About Last Night: Memphis Goes Into Hibernation

In case you were out grillaxing (grilling while attempting to fend off an ax-wielding dwarf) here’s what you missed in sports on Monday:

  • Tony Parker had 37 points as the San Antonio Spurs completed a four-game sweep of the Memphis Grizzlies with a 93-86 win. Despite having only two first-half dunks, the Spurs outscored Memphis 52-32 in the paint, as they once again reinforced the old Popovichian adage, “Dunk for show, make relatively uncontested layups and midrange jumpers for dough.”
  • We’re heading back to Chicago as the Blackhawks overcame a second-period deficit to beat the Detroit Red Wings, 4-3, to force a Game 7 in their Western Conference semifinal. The decisive goal was scored on a penalty shot by Michael Frolik, despite Red Wings coach Mike Babcock distinctly warning his goalkeeper Jimmy Howard: “I know his move, triple deke, hit the brakes, pause, glove side.” Howard asked, “What if he goes stick side?” but Babcock insisted that Frolik was fancy and would go glove side. Unfortunately for the Red Wings, while Frolik did go glove side, he did not stop his action to grin at the opposing goalkeeper, keeping the entire audience in suspense before firing off his shot, instead taking it as part of a single fluid motion.
  • Rafael Nadal faced an unexpectedly challenging first-round match at the French Open, but prevailed in four sets, 4-6, 7-6 (4), 6-4, 6-3, over Daniel Brands. Nadal’s dropped set, only his 15th in 54 matches at Roland Garros, is a classic French reminder that we all are mortal, and that time ticks unceasingly forward, moving us all inexorably toward our graves. Yet his recovery in the second-set tiebreaker was a classic French reminder that mortality itself is just an illusion, as is time, and that we move inexorably toward a spiritual singularity. However, this year smoking has been forbidden at Roland Garros, meaning there will be no Gauloise-puffing Frenchmen to clear up this contradictory evidence.
  • The New York Mets, powered by a David Wright home run, edged the Yankees, 2-1, in the first game of their so-called Subway Series. The crosstown rivalry between the Mets and Yankees has long been dubbed the Subway Series because the press boxes at both the old Yankee Stadium and Shea Stadium smelled eerily similar to a Subway sandwich shop. Though initially the incredibly specific odor did not move with the teams to their new homes, traditionalists demanded that it be replicated, which is why there is a Subway-brand bread oven located in the press boxes at both Citi Field and new Yankee Stadium.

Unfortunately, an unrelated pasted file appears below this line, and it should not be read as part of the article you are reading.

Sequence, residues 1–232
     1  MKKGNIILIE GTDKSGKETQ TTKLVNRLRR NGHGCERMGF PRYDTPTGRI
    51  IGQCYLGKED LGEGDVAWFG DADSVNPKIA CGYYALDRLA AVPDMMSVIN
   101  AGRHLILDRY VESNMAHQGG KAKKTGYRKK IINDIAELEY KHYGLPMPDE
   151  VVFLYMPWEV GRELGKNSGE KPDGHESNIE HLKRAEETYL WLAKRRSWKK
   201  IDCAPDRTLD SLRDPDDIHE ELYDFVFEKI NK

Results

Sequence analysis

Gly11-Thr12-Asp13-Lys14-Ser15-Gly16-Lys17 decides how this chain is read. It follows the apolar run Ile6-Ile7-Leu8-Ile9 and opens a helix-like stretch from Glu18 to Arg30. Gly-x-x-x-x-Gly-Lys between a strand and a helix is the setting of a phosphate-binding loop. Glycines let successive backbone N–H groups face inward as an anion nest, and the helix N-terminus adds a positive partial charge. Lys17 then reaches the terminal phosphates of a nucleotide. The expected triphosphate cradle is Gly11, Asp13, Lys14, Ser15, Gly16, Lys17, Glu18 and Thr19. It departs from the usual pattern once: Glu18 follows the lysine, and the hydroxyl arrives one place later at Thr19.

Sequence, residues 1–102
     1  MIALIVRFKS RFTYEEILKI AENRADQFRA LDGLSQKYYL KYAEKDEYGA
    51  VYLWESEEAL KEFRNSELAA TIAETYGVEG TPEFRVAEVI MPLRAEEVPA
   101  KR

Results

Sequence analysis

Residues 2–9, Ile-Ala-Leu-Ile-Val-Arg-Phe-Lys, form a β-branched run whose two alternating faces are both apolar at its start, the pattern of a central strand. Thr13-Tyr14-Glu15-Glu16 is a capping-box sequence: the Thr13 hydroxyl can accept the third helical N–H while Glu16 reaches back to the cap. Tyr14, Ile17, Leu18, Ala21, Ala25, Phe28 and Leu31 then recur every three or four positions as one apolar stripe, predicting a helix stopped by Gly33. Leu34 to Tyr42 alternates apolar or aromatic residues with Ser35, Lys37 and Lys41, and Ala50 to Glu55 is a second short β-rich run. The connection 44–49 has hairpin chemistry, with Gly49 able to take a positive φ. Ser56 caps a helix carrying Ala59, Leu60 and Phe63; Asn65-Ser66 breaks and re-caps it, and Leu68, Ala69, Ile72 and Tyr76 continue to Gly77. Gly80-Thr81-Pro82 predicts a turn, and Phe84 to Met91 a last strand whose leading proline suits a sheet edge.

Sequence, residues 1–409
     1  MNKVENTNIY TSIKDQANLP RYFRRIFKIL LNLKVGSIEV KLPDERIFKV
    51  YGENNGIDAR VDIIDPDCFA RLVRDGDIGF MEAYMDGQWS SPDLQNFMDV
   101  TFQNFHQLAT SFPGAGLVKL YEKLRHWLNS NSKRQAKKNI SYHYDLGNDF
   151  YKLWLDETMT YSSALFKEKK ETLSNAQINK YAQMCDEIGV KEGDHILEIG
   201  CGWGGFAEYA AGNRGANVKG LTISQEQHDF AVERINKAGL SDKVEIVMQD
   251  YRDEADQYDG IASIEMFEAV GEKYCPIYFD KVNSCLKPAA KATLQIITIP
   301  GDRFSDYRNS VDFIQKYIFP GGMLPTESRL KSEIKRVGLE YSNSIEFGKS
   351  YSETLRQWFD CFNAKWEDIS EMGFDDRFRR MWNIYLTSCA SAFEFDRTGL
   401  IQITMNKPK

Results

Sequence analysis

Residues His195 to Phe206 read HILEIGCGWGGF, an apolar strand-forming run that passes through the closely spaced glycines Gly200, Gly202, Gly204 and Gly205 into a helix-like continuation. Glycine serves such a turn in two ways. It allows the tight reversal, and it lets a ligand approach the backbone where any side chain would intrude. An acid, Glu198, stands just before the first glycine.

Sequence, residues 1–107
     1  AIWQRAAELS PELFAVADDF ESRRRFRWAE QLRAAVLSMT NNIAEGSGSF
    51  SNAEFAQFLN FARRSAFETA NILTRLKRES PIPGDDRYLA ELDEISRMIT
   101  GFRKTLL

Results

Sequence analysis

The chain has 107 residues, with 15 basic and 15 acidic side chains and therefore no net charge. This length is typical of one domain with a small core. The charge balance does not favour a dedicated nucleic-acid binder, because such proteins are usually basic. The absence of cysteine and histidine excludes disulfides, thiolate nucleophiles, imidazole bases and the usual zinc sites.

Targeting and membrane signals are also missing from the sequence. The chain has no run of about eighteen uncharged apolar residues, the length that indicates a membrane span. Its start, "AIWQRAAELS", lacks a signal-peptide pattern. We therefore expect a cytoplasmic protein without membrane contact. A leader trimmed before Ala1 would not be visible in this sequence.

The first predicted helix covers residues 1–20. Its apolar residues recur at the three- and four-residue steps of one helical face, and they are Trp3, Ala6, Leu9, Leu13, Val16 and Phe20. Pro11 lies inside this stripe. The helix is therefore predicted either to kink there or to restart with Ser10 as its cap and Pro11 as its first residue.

• Despite a golden sombrero from Matt Kemp, the Los Angeles Dodgers rallied to take the first game of their Freeway Series with the Los Angeles Angels, 8-7, at Dodgers Stadium. The crosstown rivalry between the Dodgers and Angels has long been dubbed the Freeway Series as a result of Los Angeles’s notoriously expensive roadways. Back in the late ’70s, when fuel prices were at their apex and stagflation gripped Jimmy Carter’s America, it was difficult for middle-class Angelenos to get to Orange County without quite literally bankrupting their families. However, the annual preseason series between the Angels and Dodgers provided an opportunity for enterprising commuters to pose as members of the team and hitch a ride on the Dodgers’ team bus to Anaheim. This so-called “free way” eventually became too popular, leading to numerous bus breakdowns due to weight, and team bus security eventually increased during the Reagan Administration as fuel prices fell, but the moniker for the series stuck.
  • Joey Votto hit a tiebreaking home run as the Cincinnati Reds rallied to beat the Cleveland Indians, 4-2, in the first game of their We’re Still in Fucking Ohio Series. The intrastate rivalry was only recently dubbed the We’re Still in Fucking Ohio Series when current Yankees outfielder Ichiro Suzuki, whose thoughts on Cleveland are well known, found out from former teammate Ken Griffey Jr. that Cincinnati is also in Ohio, leading Suzuki to say, “So if you two play each other you are on a road trip but still in fucking Ohio? Fuck.”
  • Brazilian superstar Neymar has signed a five-year contract with Barcelona, bolstering the team’s attack as it attempts to rebound from a somewhat disappointing one-trophy campaign. When asked about where he planned to slot his new Brazilian weapon, Barcelona manager Tito Vilanova said, “What? Oh no. I meant sign any defender. Um, defense? Can he play defense? Oh this is not good. Not good at all.”
  • In an opening-day battle of top draft picks, Elena Delle Donne outplayed Brittney Griner as the Chicago Sky beat the Phoenix Mercury, 102-80. This despite Griner’s two dunks, reinforcing the old WNBA adage, “Dunk for show, make relatively uncontested layups and midrange jumpers for dough.” Hey, wait a minute …

Filed Under: About Last Night, Barcelona, Chicago Blackhawks, Cincinnati Reds, Cleveland Indians, Detroit Red Wings, French Open, Los Angeles Angels, Los Angeles Dodgers, Memphis Grizzlies, New York Mets, New York Yankees, Rafael Nadal, San Antonio Spurs, Tony Parker

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Spike Friedman is a contributing writer for Grantland and makes theater with the Satori Group in Seattle, Washington.

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